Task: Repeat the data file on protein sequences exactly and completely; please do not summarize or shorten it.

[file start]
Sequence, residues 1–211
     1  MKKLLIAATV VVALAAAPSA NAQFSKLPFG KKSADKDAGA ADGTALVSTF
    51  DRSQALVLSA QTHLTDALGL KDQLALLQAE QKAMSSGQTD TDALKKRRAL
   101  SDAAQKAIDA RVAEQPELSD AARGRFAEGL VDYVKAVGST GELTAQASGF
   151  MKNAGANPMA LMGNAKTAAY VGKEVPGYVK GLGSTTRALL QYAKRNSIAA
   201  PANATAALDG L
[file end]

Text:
Sequence, residues 1–211
     1  MKKLLIAATV VVALAAAPSA NAQFSKLPFG KKSADKDAGA ADGTALVSTF
    51  DRSQALVLSA QTHLTDALGL KDQLALLQAE QKAMSSGQTD TDALKKRRAL
   101  SDAAQKAIDA RVAEQPELSD AARGRFAEGL VDYVKAVGST GELTAQASGF
   151  MKNAGANPMA LMGNAKTAAY VGKEVPGYVK GLGSTTRALL QYAKRNSIAA
   201  PANATAALDG L